December 18, 2014
16 December 2014 Speech EP PlenaryDebate Autonomus Trade Preferences for Moldovan apples, plums and grapes
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Madam President, for the EU this file is a gesture that is symbolic in purely economic terms, but is of great political significance at a critically historic juncture for Moldova and, indeed, for our entire European Neighbourhood. For Moldova, it is a breath of fresh air in a sector of vital importance for the Moldovan economy: fruit growing. Its importance, however, goes beyond apples and plums, as we shall see in a moment. It also serves as a practical demonstration of solidarity in the face of hardship.
The EU and Moldova signed their Association Agreement on 27 June 2014. The Moldovan Parliament quickly ratified it on 2 July 2014. As if by coincidence, shortly thereafter an import ban was imposed by Russia on agricultural products from Moldova. On 7 August 2014, Russia also imposed a ban on food imports from the EU itself in the context of the Ukrainian crisis, which, of course, is linked to the wider question of our Eastern Neighbourhood.
The root of the problem lies in the fact that Russia sees itself, wrongly of course, as the object of some sort of geopolitical plot by the Western world. It is a conflict generated by a dramatic clash of world views. It is the 19th century fighting the 21st century. Blood, invasion from within, propaganda, lies and apples became the ingredients of a very strange new form of warfare. Seeking some relief, the Moldovan authorities have turned to the EU requesting urgent support to reduce the economic impact of the Russian ban, in particular for the most important products of Moldovan food growers: apples, plums and table grapes. The Commission decided to respond positively. The Council agreed and I hope we, the Parliament, will also give our blessing this week.
The ban is hurting Moldova’s economy in a rather dramatic way. Agriculture accounts for around 40% of Moldova’s GDP. Its horticultural sector alone employs a quarter of a million people – that is 10% of the active Moldovan population. Obviously they mostly live in rural areas and they cultivate small and medium family plots.
A few words on the legal context of this proposal: the Autonomous Trade Preferences (ATPs) are an instrument whereby a trading power, such as ourselves, may offer concessions to a country in order to support its economy without asking for trade concessions in exchange. ATPs for Moldova were originally introduced by the EU in 2008 by the very regulation that we are amending this week. The Commission now proposes to amend the ATP regulation by introducing three new duty-free quotas for fresh apples (40 000 tonnes), tables grapes and plums (10 000 tonnes each). The quotas will apply until the end of 2015, when the whole regime will expire.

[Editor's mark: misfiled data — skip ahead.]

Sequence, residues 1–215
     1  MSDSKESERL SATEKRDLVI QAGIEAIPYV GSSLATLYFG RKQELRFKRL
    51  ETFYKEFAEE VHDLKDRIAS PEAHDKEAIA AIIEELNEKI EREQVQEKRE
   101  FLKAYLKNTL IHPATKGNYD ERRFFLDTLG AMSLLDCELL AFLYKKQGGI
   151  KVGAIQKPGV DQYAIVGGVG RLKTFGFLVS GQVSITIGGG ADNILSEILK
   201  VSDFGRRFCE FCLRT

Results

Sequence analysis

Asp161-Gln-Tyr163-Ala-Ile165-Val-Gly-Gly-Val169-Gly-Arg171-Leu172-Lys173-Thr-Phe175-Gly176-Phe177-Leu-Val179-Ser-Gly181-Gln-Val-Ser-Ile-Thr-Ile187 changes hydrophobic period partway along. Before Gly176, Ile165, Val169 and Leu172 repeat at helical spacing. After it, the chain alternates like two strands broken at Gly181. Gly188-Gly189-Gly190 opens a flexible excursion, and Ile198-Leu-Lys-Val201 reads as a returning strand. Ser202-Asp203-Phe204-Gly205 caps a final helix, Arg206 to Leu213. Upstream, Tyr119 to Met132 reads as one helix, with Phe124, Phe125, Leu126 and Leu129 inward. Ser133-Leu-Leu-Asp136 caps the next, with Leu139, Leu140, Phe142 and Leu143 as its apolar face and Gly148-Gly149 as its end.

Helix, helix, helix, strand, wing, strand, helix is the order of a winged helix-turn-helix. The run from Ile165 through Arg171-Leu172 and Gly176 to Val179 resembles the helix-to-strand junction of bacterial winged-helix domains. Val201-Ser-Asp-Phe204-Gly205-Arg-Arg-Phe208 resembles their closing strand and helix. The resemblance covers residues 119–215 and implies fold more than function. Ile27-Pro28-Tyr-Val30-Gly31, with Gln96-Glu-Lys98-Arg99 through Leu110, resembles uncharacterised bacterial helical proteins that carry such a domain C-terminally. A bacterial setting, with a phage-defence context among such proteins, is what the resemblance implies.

The quotas for the three products concerned are extremely limited in volume compared to the potentially competing EU production. For apples, for instance, which is the most sensitive product, it is only 0.4% of our production, and they address very different market segments than most EU production. More specifically, in light of the cultural and geographical proximity with Romania, it is very likely that most of the additional volumes of the three products will be absorbed easily by the Romanian market. For apples, for example, Romania this year has a fall of 22% in production, and the quota under discussion tonight covers only 8% only of Romanian production. So there is still a gap there to be filled by others.
A few words now in Romanian.
Sper ca autoritățile moldovene să reușească să transforme aceste cote într-o poveste de succes, care să ajute cu adevărat fermierii moldoveni. Și aș vrea să fac un apel și la operatorii economici din România, să folosească această oportunitate cu deschidere față de colegii din Republica Moldova. Merele, prunele și perele din Moldova sunt foarte gustoase și vă asigur că ele vor fi apreciate de consumatorii români dacă le vor găsi pe piață.